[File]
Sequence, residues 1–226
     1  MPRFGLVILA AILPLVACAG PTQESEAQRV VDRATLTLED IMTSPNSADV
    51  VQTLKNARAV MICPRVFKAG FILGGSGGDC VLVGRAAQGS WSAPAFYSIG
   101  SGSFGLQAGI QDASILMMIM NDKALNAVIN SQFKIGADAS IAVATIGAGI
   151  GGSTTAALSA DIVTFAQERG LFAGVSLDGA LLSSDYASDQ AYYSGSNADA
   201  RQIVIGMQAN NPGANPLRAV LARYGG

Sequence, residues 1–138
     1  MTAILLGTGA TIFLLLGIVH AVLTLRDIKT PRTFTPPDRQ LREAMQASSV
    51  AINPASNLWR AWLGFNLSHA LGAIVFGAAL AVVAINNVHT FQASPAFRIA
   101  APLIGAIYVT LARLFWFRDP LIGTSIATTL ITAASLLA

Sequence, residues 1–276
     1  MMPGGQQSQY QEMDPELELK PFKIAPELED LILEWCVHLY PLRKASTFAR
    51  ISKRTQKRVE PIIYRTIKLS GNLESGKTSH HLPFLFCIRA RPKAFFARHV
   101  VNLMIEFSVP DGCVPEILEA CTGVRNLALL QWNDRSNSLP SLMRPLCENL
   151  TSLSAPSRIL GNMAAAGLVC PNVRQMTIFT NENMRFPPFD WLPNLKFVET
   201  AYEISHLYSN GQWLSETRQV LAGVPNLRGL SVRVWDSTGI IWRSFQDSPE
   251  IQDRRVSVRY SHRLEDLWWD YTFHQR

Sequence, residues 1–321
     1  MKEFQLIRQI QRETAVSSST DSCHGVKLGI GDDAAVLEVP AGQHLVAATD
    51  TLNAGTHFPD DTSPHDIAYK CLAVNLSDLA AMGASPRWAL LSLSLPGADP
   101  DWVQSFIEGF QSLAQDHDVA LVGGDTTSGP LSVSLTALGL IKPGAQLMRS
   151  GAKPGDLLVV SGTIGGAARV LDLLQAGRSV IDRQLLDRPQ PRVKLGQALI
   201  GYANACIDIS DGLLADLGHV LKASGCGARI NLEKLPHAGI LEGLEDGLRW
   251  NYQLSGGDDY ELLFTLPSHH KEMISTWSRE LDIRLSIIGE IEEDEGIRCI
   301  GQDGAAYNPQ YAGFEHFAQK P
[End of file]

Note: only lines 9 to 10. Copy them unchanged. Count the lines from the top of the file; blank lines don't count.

    51  AINPASNLWR AWLGFNLSHA LGAIVFGAAL AVVAINNVHT FQASPAFRIA
   101  APLIGAIYVT LARLFWFRDP LIGTSIATTL ITAASLLA